THE prevalence of human wildlife conflicts in Mbire district has emerged as a major stumbling block for victims of gender-based violence (GBV) to report the cases on time.
Villagers in the Kanongo area, on the Mozambican border with Zimbabwe, have to walk long distances of up to 30km to Chitsungo District Hospital and police station in pursuit of justice.
Owing to transport challenges, some fail to report GBV cases fearing being attacked by wild animals such as elephants and lions which roam the area.
Over the past four years, there has, however, been an increase in the number of women reporting GBV cases in Mbire following the implementation of the Spotlight Imitative programme aimed at eliminating violence against women and girls through education and economic empowerment.
The programme is funded by the European Union in partnership with the United Nations Women.
In Mushumbi, it was implemented by Katswe Sistahood, which fights for the full attainment of sexual and reproductive health and rights by women.
Said Katswe Sistahood Mushumbi field officer Chipo Jongoro: “Women are now fully informed of the steps they should take to deal with GBV cases, through the help of local gender champions.
“But the challenge is that they need to file reports on GBV after the training on how to eliminate violence against women and girls in communities. The challenge now is for them to go and report the cases to the police. There is a serious transport challenge in the area and there are dangerous wild animals such as lions and elephants.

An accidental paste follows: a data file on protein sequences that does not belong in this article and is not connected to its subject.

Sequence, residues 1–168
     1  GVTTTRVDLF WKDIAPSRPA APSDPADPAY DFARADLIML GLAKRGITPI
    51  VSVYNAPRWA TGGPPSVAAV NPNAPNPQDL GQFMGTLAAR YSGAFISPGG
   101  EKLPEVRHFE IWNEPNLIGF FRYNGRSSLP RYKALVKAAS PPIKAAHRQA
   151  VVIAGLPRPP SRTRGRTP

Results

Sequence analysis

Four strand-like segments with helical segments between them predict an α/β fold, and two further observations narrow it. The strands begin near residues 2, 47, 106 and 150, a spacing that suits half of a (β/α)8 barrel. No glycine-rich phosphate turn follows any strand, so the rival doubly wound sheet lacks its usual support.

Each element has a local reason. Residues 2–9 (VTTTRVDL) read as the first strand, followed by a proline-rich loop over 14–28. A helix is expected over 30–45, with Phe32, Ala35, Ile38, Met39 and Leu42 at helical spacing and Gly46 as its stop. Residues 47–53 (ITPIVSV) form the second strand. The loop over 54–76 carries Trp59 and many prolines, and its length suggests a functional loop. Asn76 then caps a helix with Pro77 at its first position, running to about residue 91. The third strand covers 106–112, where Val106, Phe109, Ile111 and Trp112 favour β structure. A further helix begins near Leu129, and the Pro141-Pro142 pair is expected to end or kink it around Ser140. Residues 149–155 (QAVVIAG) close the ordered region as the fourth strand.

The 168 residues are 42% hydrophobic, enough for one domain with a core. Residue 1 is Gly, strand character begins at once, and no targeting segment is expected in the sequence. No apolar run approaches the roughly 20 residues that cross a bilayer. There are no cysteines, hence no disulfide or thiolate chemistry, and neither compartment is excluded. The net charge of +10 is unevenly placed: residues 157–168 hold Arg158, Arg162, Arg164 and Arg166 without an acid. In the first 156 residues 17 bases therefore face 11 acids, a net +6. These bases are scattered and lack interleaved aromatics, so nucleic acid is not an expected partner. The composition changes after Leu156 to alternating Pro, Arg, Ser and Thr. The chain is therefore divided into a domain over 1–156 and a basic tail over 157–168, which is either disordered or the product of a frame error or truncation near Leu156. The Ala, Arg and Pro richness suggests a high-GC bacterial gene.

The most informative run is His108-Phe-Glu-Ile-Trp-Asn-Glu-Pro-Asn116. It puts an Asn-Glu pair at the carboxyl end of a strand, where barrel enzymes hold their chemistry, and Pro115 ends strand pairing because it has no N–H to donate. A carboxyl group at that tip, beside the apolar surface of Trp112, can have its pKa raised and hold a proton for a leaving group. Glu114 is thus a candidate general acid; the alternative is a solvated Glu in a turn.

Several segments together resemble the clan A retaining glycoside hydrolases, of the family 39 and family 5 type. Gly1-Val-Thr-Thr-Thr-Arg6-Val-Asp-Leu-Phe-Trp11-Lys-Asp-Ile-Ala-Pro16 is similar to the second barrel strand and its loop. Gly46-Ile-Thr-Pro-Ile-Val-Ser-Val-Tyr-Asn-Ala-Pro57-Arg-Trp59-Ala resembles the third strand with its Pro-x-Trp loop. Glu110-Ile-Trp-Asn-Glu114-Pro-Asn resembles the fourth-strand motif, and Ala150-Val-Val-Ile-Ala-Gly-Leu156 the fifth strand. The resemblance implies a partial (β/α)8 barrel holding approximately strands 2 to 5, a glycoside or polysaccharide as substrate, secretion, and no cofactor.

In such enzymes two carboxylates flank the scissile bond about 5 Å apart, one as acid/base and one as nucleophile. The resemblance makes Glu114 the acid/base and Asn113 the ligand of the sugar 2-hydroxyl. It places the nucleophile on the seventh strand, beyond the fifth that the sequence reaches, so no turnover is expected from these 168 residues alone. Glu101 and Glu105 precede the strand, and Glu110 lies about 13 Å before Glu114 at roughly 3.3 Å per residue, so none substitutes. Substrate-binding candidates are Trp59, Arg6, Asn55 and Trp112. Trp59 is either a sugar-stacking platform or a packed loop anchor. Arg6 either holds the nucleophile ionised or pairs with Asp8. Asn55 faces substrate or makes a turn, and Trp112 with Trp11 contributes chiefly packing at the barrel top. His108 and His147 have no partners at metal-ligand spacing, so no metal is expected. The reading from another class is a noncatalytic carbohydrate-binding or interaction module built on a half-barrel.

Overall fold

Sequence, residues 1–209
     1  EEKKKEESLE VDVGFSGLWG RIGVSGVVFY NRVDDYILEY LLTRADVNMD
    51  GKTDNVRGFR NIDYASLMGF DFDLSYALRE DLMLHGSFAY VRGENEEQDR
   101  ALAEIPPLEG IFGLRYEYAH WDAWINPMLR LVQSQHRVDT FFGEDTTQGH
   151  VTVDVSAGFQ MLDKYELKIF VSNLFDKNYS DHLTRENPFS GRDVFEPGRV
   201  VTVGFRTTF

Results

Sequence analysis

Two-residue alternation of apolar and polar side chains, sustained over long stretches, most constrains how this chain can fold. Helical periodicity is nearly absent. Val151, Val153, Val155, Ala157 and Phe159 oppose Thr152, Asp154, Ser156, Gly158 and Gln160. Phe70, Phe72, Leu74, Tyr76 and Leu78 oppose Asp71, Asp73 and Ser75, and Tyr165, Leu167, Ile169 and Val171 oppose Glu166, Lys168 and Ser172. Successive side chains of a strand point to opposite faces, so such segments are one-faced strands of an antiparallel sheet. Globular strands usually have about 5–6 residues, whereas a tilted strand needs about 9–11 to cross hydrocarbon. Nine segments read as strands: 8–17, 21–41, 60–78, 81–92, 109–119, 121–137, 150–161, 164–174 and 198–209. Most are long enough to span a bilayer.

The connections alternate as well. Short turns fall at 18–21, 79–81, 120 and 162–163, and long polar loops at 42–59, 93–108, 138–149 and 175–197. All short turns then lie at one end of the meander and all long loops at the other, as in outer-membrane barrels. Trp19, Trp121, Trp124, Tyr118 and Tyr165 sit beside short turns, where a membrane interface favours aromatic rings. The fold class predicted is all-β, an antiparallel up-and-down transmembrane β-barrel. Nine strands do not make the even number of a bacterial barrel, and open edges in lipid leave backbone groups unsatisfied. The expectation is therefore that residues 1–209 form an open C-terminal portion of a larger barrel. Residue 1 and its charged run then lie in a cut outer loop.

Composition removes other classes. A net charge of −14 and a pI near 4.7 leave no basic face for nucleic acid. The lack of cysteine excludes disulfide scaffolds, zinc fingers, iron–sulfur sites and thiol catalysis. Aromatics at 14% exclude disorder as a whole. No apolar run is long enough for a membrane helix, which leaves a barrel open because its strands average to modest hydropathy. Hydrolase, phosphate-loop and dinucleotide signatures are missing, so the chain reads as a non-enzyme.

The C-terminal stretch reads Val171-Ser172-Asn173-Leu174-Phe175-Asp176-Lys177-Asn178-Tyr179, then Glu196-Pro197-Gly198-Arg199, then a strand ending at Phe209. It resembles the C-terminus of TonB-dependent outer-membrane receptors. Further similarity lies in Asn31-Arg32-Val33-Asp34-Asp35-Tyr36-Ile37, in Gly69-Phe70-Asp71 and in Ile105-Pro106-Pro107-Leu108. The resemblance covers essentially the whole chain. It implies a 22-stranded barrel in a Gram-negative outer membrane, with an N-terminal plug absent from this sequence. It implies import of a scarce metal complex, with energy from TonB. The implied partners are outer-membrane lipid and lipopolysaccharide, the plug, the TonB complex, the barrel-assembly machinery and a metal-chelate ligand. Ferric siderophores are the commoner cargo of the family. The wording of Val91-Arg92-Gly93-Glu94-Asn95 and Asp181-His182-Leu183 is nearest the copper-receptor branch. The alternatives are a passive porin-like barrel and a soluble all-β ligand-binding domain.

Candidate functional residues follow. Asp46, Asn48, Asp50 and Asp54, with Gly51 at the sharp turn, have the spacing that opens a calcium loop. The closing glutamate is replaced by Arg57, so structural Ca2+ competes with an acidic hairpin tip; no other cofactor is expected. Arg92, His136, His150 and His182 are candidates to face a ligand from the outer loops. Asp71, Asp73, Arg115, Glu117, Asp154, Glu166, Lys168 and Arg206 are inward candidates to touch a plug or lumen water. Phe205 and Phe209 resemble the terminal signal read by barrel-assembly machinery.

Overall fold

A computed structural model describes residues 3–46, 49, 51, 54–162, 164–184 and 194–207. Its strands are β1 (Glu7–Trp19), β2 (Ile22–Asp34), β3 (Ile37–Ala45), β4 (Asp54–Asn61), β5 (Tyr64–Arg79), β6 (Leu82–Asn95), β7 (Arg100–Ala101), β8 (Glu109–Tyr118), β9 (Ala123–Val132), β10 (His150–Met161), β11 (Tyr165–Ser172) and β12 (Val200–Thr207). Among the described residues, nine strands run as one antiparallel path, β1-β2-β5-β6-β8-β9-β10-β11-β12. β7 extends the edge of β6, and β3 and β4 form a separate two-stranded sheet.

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“So for fear of attacks, some women won’t be able to walk to the police or hospital for justice.”
Government announced last month that it was setting up a fund to compensate victims of human-wildlife conflict as dozens of villagers continue to be killed by wild animals.
In 2021, 71 deaths and 50 injuries were recorded, compared to 60 deaths and 40 injuries in 2020. In 2022, 68 people were killed by wild animals.
Meanwhile, 25 people have been killed by wild animals since January this year, Zimbabwe Parks and Wildlife Management Authority (ZimParks) spokesperson Tinashe Farawo has said.
Farawo told NewsDay Weekender that human-wildlife conflict remained a problem in the country.
“Our problem animals remain elephants and crocodiles which accounts for more than 80% of the fatalities,” Farawo said.
“About 58 people were injured during the same period under review and we are expecting more clashes in communities because as you move into the dry months of the year it means more and more animals would be moving in search water and food
“During this period from January to June, we have received nearly 1 000 stress calls right across the country and we have managed to attend to 900 of them.”
Farawo said mitigatory measures had been put in place to address the challenge.
“We are identifying hotspots across the country where community members can go through training on wildlife behaviour so that at least when there is a problem, they can easily be attended to before we come in,” he said.
“We are also working closely with the rural district councils across the country because these have appropriate authority. When there is a problem, they can respond.”